From queer text study and institutional inclusion to profiles of queer clergy and youth voices, the Keshet blog features new ideas and reflections by and for LGBTQ Jews and their allies. The blog is produced by Keshet, a national grassroots organization with offices in Boston and the Bay Area that works for the full inclusion and equality of LGBTQ Jews in all areas of Jewish life.
Until my grandfather’s death in July, I’d only attended one funeral. It was for a friend’s father in the seventh grade, and while I grieved for my friend, I didn’t understand the gravity of the situation, or what going to a Jewish funeral really meant. I visited her house for shiva, paid my respects, and returned to my own home, putting the entire event out of my mind. It never occurred to me that all the Jewish rituals she observed in the following days were put in place for a reason. I didn’t understand that they were there to help one grieve.
Losing Poppy, my grandfather, this summer was a huge blow. I knew it was coming, but this was my first time truly experiencing loss. I’d always been close with my grandparents, despite living far away, and Poppy’s crinkled smile and enthusiasm for great eats were features I never realized would someday no longer be there waiting for me.
I flew out to Chicago the day before the funeral, meeting up with my mother, her siblings, and my cousins. While family reunions were usually a joyous (if not chaotic) occasions, this was a different type of gathering, and my mother’s trembling chin only served to remind me of the real reason we were brought together. I grieved for Poppy, but I soon grieved a little for myself – being with my family again reminded me that very few, if any, of my family members would respect or remember my pronouns.
Coming out to my friends as non-binary in 2014 was easy – as it turns out, many of them already used they/them pronouns for me in their heads. But coming out to family was a different affair. Despite being lesbians (separated), my parents were confused, for the most part, and unfortunately placed their own preconceived notion of grammar over my pronoun preferences. After experiencing a similar reaction from aunts and uncles, I didn’t have high expectations for coming out to my grandparents, yet another generation removed.
When I brought it up with my grandmother, Grammy, I wasn’t sure I’d been able to get the point across. I explained about what being non-binary meant, how it made me feel, and that I preferred to use they/them pronouns. I was still her grandchild, I told her, just not her granddaughter.
Grammy’s reaction was similar to my parents’, although with more senility and a topic change immediately thereafter. The conversation moved on to her opinion on my haircuts (too masculine), and I figured the moment had passed; she would never really understand.
Two weeks later, I received an envelope in the mail from her. Inside was a newspaper clipping titled “Transgender students find safe spaces at New College” from the Sarasota Herald-Tribune, March 20 2016, with a note attached that said, “Saw this and thought of you. Love, Grammy.” It made me realize that while she probably still didn’t understand, she heard me; and that was enough.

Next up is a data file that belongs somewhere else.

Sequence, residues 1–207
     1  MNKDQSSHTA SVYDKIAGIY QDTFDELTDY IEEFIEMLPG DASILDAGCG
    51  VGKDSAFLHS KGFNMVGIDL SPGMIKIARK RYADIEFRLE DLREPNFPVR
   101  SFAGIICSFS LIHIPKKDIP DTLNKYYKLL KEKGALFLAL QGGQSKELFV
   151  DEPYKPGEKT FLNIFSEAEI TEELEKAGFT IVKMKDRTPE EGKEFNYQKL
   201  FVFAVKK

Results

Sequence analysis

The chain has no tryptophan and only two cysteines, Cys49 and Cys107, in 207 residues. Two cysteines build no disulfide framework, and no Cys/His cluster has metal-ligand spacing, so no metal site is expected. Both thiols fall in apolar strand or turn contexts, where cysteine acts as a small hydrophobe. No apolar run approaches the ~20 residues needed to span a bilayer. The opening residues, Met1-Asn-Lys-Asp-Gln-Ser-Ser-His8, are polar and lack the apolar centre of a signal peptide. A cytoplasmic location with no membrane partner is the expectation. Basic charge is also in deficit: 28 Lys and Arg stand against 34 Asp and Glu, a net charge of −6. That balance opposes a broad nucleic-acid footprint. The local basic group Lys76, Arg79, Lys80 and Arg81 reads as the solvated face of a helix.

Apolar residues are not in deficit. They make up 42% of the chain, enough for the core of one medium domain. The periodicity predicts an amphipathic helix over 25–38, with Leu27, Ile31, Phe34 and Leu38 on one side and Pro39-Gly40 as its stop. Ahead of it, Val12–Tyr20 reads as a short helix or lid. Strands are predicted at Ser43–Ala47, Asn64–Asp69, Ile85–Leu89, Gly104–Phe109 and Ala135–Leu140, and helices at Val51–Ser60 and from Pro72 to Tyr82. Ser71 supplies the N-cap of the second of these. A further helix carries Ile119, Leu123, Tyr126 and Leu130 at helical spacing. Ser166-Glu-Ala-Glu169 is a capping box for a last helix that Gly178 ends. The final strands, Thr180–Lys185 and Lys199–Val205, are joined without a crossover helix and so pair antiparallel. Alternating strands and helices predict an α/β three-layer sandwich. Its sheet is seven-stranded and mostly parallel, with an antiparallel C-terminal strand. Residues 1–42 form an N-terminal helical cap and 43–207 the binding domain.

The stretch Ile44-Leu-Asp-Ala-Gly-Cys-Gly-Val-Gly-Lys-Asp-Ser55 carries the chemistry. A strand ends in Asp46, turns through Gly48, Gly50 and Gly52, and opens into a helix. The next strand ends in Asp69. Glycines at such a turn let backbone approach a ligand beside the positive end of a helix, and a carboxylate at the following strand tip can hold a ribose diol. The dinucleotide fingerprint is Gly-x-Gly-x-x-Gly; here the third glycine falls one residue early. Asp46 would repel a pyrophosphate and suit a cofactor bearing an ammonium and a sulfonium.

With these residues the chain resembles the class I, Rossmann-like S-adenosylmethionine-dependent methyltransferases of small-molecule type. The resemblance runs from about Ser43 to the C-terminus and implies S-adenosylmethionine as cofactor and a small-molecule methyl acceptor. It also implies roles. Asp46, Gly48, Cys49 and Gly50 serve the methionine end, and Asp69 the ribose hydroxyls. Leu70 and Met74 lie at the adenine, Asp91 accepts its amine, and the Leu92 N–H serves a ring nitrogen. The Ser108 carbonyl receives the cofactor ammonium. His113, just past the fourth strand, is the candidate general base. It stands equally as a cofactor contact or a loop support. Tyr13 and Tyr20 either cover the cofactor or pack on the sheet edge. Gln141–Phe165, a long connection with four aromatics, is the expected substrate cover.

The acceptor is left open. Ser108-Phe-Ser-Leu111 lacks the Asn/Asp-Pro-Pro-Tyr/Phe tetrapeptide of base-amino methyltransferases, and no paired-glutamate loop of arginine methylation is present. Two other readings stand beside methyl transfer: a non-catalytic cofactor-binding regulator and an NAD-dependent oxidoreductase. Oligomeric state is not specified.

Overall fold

I wanted to tell my grandfather, Poppy, the next time that I saw him, but the cancer won before I had the chance to.
Sitting shiva in Grammy and Poppy’s house, emotions swirling, I tried to identify what I was feeling. A large part was grief, of course. But I also fought off waves of anger, of frustration; if my grandmother, who was halfway through her ninetieth decade on this earth, could at least hear what I told her and remember it enough to think of me later on, why couldn’t her children make the same effort? Why couldn’t my parents, one of whom was fired for being gay, even try to change their ideas of what made proper grammar? Was it worth invalidating me just to hold on to a language rule?
As my thoughts tumbled around in my head, interspersed with sudden pangs of remembering that Poppy was gone, I realized that I might seem hypocritical. Here I was, pleased as punch that my grandmother had even registered what I told her about my gender, but simultaneously frustrated that my parents refused to even try to change what pronoun they used for me.
If I had to hazard a guess, I’d say my experience of different expectations for different generations is one that is shared by many of my LGBTQ peers. From our friends we hope, sometimes expect, total acceptance. Many don’t have to change their ideas of gender or pronouns because they already have friends who’ve come out to them. From our parents we expect an effort to change, and while it’s not an effort my own moms are willing to put in, hopefully others’ parents will. And from our grandparents I think we just hope for a listening ear. They’ve been through so much compared to us, and I think we can only ask for a smile and their love.
While I didn’t get the opportunity to tell Poppy about my pronouns, I’d like to think he would have smiled and hugged me tight. He may not have understood, or even ended up remembering the details, but I know he would have loved and accepted me for who I was. And from our grandparents, that’s all we can really ask for.